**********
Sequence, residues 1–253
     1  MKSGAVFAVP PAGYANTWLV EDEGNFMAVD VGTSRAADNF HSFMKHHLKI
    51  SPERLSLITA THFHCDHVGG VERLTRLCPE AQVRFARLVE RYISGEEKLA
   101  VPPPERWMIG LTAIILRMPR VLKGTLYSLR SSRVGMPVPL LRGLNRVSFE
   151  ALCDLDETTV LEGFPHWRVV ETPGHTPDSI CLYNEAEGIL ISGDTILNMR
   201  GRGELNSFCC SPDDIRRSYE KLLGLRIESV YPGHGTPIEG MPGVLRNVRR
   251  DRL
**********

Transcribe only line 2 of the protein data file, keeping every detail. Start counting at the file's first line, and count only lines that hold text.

     1  MKSGAVFAVP PAGYANTWLV EDEGNFMAVD VGTSRAADNF HSFMKHHLKI